Stephen Peck, director of operations of the Scout Association, upset some readers by using a cancer simile for difficult volunteers. He explains his views in his own words
Volunteers are the lifeblood of many charities. At board level they are the drivers of ideas and priorities; at grass-roots level they are the people who deliver the charitable benefit. They have an energy and generosity of spirit that sets them apart. They often have a passionate belief in and huge empathy and affinity with the charity's cause - and a special understanding of what works locally. Many scouting volunteers have grown up with the movement and have skills and experience that they share with newer members.
However, this energy and resource needs to be carefully managed. The unique passion of our volunteers can become a distraction and is destructive when people are put into unsuitable roles or asked to carry out unrealistic tasks. Disputes, complaints from beneficiaries and even the threat of litigation are possible outcomes. That is why having effective, properly trained volunteer managers is essential.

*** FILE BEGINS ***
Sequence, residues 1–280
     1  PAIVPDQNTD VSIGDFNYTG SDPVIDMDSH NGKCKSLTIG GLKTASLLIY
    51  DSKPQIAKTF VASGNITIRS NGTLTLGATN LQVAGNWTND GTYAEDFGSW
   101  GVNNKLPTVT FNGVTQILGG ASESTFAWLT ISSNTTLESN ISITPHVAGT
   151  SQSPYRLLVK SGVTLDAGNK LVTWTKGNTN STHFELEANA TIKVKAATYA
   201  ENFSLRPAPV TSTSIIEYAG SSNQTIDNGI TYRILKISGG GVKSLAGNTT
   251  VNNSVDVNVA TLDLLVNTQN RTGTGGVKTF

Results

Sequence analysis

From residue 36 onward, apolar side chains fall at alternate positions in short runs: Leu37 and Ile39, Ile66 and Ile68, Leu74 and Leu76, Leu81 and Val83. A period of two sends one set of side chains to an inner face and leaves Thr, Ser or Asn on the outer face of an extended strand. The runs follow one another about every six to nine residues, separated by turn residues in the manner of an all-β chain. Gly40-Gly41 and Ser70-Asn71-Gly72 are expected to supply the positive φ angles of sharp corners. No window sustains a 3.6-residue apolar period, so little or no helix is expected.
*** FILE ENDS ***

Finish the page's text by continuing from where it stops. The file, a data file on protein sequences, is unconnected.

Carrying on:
When poorly trained adults step up to fill management roles without proper training, it leaves them highly exposed. They become unhappy and their teams often flounder. We must train and support them in this vital role.
But training alone is not enough. As charities, we have a responsibility to put in place structures that protect local volunteers. These should include clear, written and mutually agreed role descriptions (not 'job' descriptions - these are not paid jobs and the differentiation is legally significant). A robust appointment process is also key - is this person fit and proper to hold a role in your charity? The volunteer should have a comprehensive induction, clear line management, agreed expectations about the time required, the right training and regular reviews. Should the appointment be renewed? It is time to direct their energies elsewhere or to retire, with a genuine and meaningful thank you. It is also a great opportunity to say "thank you and carry on - you are doing a great job".
Don't encourage open-ended appointments - it leaves the volunteer feeling there is no end in sight and it leaves managers few options if there is a performance-related issue. People change, the charity changes and there must be flexibility.
Effective management and proper structures are the least we can offer in return for the priceless commitment of volunteers. We must not be afraid to maintain the highest standards in our approach - our hard-working volunteers are our most valuable asset and they deserve the best support we can provide.